Corporate pension plans and other institutional investors remain committed to significant allocations to hedge funds, private equity and other alternative investments, while they continue to reduce U.S. equity allocations, according to a Greenwich Associates report on asset allocation polices.
Greenwich surveyed 152 U.S. and Canadian corporate and public pension funds, endowments and foundations. The results provide an early read on how institutional investors are reacting to the financial crisis. Among the major findings:
•Corporate plan executives stung last year by dramatic reductions in portfolio asset values are moving to reduce volatility of pension fund investment performance by increasing allocations to fixed income while cutting equity allocations.
•Public pension funds are tending to increase allocations to alternative asset classes with higher potential for returns, while fewer are shifting assets into fixed income compared with corporate funds.
•Nearly half of endowments and foundations increased their allocations to hedge funds in the past 12 months. While they are boosting liquidity in their portfolios, they are giving no signals of reconsidering investment policies that incorporate relatively high allocations to hedge funds, private equity and other alternative assert classes.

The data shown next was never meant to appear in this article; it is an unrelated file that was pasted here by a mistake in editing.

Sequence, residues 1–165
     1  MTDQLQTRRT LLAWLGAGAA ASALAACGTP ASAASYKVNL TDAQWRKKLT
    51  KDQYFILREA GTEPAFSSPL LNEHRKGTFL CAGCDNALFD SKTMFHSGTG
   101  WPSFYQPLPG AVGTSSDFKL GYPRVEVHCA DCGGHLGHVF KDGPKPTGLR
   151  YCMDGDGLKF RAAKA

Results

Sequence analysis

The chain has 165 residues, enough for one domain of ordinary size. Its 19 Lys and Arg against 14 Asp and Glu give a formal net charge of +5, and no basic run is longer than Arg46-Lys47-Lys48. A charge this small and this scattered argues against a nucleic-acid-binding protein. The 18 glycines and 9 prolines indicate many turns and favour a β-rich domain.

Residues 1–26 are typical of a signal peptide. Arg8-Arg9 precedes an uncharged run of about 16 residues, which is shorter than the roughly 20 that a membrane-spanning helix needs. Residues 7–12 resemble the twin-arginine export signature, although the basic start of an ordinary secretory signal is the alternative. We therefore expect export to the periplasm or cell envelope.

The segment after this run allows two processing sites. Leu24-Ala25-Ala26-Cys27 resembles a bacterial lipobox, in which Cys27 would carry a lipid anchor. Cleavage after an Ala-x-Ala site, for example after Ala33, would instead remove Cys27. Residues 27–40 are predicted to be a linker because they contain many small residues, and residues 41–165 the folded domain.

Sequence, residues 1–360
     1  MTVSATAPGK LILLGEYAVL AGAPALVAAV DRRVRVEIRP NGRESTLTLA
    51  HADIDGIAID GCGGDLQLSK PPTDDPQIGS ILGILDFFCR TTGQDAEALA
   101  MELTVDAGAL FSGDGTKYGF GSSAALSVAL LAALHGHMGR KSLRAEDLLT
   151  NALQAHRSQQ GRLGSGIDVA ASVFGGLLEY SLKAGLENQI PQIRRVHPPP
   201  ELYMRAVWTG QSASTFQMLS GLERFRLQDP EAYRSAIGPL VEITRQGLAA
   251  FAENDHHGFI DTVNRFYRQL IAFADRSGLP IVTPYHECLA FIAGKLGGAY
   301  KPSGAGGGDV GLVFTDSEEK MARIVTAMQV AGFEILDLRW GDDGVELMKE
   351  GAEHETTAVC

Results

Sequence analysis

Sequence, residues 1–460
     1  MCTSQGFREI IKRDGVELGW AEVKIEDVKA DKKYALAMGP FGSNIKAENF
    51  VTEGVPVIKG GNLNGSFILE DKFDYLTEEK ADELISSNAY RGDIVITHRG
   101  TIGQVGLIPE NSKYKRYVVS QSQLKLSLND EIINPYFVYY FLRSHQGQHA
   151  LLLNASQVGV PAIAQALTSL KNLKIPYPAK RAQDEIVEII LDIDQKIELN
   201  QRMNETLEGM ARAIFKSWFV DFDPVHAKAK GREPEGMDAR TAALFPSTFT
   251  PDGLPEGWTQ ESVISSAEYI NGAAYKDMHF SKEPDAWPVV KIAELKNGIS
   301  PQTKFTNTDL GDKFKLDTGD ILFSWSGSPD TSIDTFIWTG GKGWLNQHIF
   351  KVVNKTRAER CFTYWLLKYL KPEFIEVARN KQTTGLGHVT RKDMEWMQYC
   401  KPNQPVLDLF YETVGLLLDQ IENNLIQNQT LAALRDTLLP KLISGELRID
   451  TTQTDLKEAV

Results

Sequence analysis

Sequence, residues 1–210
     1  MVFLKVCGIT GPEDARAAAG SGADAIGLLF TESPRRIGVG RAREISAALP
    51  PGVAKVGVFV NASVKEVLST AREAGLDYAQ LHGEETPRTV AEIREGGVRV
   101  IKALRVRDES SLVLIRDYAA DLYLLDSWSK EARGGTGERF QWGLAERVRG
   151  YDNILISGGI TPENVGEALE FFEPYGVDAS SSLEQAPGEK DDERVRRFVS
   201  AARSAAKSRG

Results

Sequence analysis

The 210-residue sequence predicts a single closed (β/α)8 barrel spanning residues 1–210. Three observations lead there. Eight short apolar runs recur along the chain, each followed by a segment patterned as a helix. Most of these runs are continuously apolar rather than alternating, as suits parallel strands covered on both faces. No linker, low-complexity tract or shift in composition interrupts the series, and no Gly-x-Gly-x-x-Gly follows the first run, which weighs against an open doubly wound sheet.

•Money manager turnover could reach historic highs in the next 12 months if corporate pension and other funds follow through on their planned investment and allocation changes. Some 66% of institutions surveyed plan to hire a new investment manager in the next 12 months, while 46% plan to terminate a manager.
Greenwich Associates interviewed institutional investors in May on actions they have taken on asset allocation and other investment policy in the past 12 months, as well as about their investment plans for the coming year. Of the respondents, 97 were corporate pension funds; 34, public funds; and 21 were endowments and foundations. All the respondents had more than $1 billion in assets.